Justified 4.01: Hole in the Wall

SPOILER WARNING: This post will appear following a new episode of “Justified.” It is intended to be read after seeing the show’s latest installment as a source of recap and analysis. As such, all aspects of the show up to and including the episode discussed are fair game.

It’s that time of year, Justified is back. And now with 100% more Patton Oswalt! But we’ll get to that potentially controversial decision in a moment. Let’s start with the man himself, Raylan Givens.

“Hole in the Wall” eased us back into the saddle with a “crime of the week” scenario. Raylan gets a call from a Nashville bail-bonds(wo)man, Sharon Edmunds, who he “had a drink” with at a law enforcement convention a while back. Sharon offers him three grand to haul in a bail-jumping murderer, Jody Adair (played by Chris Chalk, who you may recognize as Tom Walker from Homeland and Gary Cooper in The Newsroom).

Perhaps the most interesting part of the Adair plot was the ways in which the character mirrored Raylan. Both men do as they please with little thought of the consequences, rationalizing their actions with claims that their motivations are pure and that they’re essentially good people at heart. The only difference is which side of the law they’re on. Adair killed two heroin dealers in a robbery gone awry, but says they deserved it and that the world is well rid of them. Plus, he only did the job because he needed money to see his kids. Now think about why Raylan sneaks away to catch Adair while on Uncle Sam’s clock: he wants to begin squirreling away money for his kid. Sound familiar? Not to mention, you know, the show’s basic premise: that Raylan is a lawman who plays by his own rules but is “justified” in doing so.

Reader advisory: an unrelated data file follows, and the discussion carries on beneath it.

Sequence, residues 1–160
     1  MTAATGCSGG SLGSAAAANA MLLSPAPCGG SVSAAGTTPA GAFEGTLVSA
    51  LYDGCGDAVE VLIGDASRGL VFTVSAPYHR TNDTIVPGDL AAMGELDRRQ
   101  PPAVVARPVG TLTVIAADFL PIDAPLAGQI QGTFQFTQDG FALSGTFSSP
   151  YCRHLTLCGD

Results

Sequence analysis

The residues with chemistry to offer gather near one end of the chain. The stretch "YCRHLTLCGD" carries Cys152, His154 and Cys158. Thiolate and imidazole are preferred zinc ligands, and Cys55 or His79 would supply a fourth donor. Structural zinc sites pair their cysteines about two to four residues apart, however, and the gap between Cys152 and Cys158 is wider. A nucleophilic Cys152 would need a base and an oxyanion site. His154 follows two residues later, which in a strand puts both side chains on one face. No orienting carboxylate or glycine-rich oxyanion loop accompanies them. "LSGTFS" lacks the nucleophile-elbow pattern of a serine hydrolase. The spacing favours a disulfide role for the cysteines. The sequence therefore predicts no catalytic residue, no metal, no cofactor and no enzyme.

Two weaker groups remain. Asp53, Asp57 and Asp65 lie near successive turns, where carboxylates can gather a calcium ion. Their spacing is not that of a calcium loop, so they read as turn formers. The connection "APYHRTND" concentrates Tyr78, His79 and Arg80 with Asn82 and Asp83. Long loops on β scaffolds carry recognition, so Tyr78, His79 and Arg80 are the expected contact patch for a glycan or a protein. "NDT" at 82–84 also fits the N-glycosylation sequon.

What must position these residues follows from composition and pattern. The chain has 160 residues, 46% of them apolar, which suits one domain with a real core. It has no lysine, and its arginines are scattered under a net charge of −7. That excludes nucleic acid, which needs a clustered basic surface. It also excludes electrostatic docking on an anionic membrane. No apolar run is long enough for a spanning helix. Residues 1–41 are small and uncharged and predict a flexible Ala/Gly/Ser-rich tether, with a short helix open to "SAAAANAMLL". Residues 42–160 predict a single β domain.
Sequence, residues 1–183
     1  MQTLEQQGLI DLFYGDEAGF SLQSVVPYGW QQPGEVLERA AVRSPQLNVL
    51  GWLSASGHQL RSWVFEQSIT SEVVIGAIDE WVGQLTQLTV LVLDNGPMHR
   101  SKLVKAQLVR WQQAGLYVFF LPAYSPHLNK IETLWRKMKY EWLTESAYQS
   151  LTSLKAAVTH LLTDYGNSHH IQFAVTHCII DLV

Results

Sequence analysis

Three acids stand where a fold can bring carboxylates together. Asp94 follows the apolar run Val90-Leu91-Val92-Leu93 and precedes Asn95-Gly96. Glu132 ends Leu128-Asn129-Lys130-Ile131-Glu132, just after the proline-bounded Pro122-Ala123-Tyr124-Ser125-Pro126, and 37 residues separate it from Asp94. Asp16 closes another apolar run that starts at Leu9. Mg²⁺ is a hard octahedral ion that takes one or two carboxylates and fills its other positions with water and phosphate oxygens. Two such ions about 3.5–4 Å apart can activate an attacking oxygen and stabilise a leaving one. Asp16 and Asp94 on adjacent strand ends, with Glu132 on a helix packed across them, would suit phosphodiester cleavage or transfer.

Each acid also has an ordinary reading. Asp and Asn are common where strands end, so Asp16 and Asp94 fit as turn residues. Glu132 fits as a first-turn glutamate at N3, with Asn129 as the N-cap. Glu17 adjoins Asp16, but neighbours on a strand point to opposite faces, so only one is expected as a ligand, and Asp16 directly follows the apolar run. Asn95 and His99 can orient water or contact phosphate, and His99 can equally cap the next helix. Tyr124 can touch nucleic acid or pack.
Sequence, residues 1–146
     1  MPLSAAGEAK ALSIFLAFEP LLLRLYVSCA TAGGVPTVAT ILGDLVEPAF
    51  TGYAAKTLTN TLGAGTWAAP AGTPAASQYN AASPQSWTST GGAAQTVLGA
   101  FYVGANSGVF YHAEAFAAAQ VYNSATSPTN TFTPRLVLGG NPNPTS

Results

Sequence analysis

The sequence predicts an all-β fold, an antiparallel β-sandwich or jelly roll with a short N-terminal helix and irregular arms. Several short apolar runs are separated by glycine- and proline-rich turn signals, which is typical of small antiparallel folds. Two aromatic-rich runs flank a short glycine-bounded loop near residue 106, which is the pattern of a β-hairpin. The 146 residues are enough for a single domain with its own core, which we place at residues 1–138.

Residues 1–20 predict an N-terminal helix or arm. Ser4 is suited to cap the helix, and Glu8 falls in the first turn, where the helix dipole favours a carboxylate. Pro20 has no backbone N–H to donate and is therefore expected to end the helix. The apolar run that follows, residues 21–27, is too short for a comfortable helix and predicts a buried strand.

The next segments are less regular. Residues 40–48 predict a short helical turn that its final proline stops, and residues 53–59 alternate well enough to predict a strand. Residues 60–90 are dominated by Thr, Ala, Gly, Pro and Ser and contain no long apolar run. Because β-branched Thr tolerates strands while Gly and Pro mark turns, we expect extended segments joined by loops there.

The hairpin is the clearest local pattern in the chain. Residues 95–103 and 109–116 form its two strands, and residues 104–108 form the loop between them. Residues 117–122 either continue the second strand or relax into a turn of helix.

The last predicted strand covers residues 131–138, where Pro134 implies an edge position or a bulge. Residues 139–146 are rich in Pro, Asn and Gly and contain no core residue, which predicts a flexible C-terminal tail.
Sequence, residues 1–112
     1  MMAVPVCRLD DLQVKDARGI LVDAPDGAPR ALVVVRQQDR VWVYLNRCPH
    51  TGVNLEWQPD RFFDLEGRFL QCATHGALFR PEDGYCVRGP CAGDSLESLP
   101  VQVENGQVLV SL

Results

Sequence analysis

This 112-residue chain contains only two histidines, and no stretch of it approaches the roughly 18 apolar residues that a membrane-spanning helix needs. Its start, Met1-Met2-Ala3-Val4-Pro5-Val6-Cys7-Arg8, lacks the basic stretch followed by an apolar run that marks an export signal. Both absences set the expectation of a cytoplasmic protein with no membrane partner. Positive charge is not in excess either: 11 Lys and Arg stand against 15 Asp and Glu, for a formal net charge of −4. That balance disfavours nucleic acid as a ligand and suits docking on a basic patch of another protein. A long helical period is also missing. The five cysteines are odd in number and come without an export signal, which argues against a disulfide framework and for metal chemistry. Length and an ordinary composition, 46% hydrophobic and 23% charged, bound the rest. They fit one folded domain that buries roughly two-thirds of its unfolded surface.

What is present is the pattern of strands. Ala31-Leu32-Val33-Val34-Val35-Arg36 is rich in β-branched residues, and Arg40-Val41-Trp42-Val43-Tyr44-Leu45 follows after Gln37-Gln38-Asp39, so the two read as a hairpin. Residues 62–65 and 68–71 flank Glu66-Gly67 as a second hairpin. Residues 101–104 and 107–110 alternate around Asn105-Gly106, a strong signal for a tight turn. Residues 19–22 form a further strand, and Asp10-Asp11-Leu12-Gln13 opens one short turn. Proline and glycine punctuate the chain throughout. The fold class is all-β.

The irony reaches its peak when Raylan chastises Adair for refusing to take responsibility for his actions. “You run into an asshole in the morning, you ran into an asshole. You run into assholes all day, you’re the asshole.” Once again, sound familiar? It seems we’ve never heard a character on Justified own up to what they’ve done or who they are. It’s always someone else’s fault. But Raylan lacks self-awareness to such a degree that he can tell Adair “you got no self-awareness” with a straight face.

Meanwhile, the seeds of a serial storyline were planted beginning with a flashback to 1983, when a parachutist fell out of the sky in front of the Givens house, a few bricks of cocaine in tow. Couple that with the episode’s ending: Arlo killing a man who overheard he and Raylan speak about the remnants of the incident, a driver’s license and bag stashed inside a wall, and it’s not difficult to tell what the season’s big mystery will be.

The beginnings of that mystery were expertly woven into the episode’s A-story through the recurring theme of fatherhood. Adair and Raylan, two men engaging in varying levels of wrong in order to do right by their kids, served as a contrast to Raylan’s own father, who’s put his own needs in front of his son’s for as long as we’ve known him. The question raised by that contrast, then, is whether there was ever a time when Arlo put his child (or his wives) first, before he was the selfish criminal we see today. It’s a question that will be answered as the truth about Waldo Truth, the man who fell to Earth (the parachutist, not Bowie), is uncovered. Was that flashback the moment Arlo Givens “broke bad?”